In the United States only 2 to 5 percent of the total health budget is allocated to population-wide approaches to health improvement, despite behavioural choices being estimated as explaining 40% of premature death  and approximately 70% of the burden of illness and associated costs . In Germany, seven preventable behavioural risk factors have been suggested as accounting for 60% of Germany’s mortality . It has been argued however, that despite a shift in many countries towards a more public health oriented strategy, there is evidence that even the most attentive countries would be well served to put a significantly larger proportion of their health care budgets into public health efforts . Liu and O’Dougherty  suggest that a government can improve its allocation of resources at the macro level for financing public health services by regulating the proportion of the health budget that should be allocated to public health and setting up a budget that is separated from the overall health budget, although they make no recommendations as to what the proportion should be.
Improving population health could enhance the productivity of the workforce and boost the national economy, reduce health care expenditures and most importantly, improve people’s lives . There is, for example, increasing evidence of the beneficial health and economic effects of comprehensive smoke-free public places legislation [44–48]. It needs to be borne in mind however, that prevention does not always save money, but this should not detract from the need to rebalance health care systems towards disease prevention and health improvement . The investment in better health in itself is of value. The rationale behind increasing expenditure on public health is the intrinsic value placed on the health it confers on the population, not its monetary savings . Suhrcke et al.  argue that prevention should not be held to a higher standard than medical care, where cost-saving is not the prime objective. Liu  argues that although there is evidence that allocation of more resources to primary and preventive care would improve allocative efficiency, there is no clear mechanism for achieving the desirable resource shifts.
Daube  suggests that public health is the poor relation in the health system. He suggests that a modest increase in the allocation to prevention would enable significant advances to be made across a wide range of public health activity and research areas. It is widely recognised however, that public health measures are inadequately funded, thus undermining their effectiveness . In a study examining what incentives there are for NHS managers to look at wider health issues, Hunter and Marks  found that public health resources and staff are thinly spread and that public health leadership was missing. Furthermore, this study found that although there was an apparent shift in the rhetoric towards prevention, the incentives in the system were still all geared towards secondary care, with managers and indeed governments being preoccupied by the demands of the acute care sector.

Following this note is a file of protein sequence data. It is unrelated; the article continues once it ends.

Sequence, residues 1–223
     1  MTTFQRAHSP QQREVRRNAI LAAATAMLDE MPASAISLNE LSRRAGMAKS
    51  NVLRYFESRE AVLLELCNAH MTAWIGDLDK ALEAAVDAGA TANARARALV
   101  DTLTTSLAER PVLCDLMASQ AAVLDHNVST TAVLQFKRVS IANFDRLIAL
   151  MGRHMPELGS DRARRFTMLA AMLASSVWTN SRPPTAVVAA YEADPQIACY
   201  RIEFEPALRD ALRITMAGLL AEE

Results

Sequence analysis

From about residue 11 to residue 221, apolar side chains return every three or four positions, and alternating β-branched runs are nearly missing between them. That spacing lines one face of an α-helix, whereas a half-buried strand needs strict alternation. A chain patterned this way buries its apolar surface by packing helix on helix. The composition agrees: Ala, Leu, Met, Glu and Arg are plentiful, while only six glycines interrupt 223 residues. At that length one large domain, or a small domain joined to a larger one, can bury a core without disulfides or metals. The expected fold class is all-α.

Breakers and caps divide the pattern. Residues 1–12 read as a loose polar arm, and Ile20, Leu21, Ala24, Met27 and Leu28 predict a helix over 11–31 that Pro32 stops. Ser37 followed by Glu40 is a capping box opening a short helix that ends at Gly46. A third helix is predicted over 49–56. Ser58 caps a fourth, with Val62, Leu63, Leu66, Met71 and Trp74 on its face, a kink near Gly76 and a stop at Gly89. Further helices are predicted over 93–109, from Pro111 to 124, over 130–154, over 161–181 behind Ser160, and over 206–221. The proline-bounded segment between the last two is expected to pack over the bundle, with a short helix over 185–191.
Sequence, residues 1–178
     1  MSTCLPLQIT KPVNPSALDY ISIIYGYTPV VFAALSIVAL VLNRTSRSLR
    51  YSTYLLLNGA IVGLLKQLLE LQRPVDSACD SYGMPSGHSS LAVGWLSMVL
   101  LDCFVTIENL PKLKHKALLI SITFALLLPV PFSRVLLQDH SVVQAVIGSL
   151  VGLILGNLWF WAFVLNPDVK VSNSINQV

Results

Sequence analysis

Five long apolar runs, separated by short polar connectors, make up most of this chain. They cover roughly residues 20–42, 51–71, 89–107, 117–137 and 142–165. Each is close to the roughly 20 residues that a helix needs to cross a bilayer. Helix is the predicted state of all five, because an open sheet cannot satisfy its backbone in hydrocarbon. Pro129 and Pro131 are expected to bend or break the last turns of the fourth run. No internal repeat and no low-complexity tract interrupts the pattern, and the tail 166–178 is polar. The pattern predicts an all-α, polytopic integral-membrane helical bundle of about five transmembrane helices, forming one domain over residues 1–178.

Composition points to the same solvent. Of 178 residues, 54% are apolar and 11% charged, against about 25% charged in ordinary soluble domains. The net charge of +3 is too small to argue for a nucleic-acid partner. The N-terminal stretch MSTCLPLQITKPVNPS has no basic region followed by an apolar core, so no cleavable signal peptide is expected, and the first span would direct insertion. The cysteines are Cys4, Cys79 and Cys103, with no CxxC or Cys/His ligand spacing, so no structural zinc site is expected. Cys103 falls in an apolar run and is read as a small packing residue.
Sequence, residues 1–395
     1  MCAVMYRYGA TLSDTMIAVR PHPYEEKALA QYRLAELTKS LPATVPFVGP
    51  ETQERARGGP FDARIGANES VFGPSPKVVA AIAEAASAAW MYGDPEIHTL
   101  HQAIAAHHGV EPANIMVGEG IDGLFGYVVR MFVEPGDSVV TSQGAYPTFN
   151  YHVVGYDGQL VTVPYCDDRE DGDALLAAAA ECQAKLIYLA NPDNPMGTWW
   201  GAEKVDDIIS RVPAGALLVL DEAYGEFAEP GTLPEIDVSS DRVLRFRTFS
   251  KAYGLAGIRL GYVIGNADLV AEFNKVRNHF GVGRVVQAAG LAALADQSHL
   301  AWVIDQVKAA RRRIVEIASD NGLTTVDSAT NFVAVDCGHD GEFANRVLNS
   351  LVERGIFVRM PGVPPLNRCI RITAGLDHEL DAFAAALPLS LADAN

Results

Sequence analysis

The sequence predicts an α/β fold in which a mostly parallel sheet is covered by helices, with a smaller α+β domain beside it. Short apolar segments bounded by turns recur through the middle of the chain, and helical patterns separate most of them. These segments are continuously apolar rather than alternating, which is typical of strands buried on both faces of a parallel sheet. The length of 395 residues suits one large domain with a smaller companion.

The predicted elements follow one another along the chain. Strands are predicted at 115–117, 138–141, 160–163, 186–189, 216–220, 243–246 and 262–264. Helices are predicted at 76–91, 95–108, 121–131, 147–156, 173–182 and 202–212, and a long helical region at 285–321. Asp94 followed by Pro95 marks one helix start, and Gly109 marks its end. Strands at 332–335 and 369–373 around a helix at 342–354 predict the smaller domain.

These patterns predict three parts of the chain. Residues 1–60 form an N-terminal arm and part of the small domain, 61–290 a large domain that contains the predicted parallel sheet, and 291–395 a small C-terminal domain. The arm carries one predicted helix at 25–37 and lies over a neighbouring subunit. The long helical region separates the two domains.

Public health practitioners need to be able to influence the budget for public health activities in order that the longer term issues are not omitted in favour of short-term demands. Maher and Ford  argue that especially in times of economic crises, policy makers and decision makers need effective persuasion when deciding the allocation of resources, and that the case for investment in disease prevention and management should be made in terms of promoting health as a human right and a mechanism for contributing towards poverty reduction and economic stability. This is crucial as public health resource needs are always in competition with the needs of clinical services. The latter nearly always take precedence – treatment of individual patients seems far more immediate a priority than changes in health status for the future .
Some authors suggest that society may value health gains from preventive interventions differently to those achieved from other health interventions, in part due to the inability to directly identify those that benefit, but also due to issues of personal responsibility, and that this may impact on willingness to fund the programmes [32, 54]. This could be argued to strengthen the case for Government provision of these services, as in the absence of this provision, these programmes may not be given any priority at all. Given this however, the appropriate level of funding for public health is subject to political considerations as those requiring clinical services are often immediately identifiable, whilst those that will benefit from improved future health status are not. Coote  suggests that a rebalancing of investment towards prevention is unavoidable, but that the pace of change will need to be carefully managed to ensure that there is no public perception that the quality of health services is in decline as a result. It is clear therefore, that the economic case for any public health programme is only one component of the decision making process and that these other factors also need to be considered.
The inability to reliably identify expenditure on public health potentially increases the ease with which public health budgets can be reallocated when budgets are being reduced, as no systematic monitoring is taking place .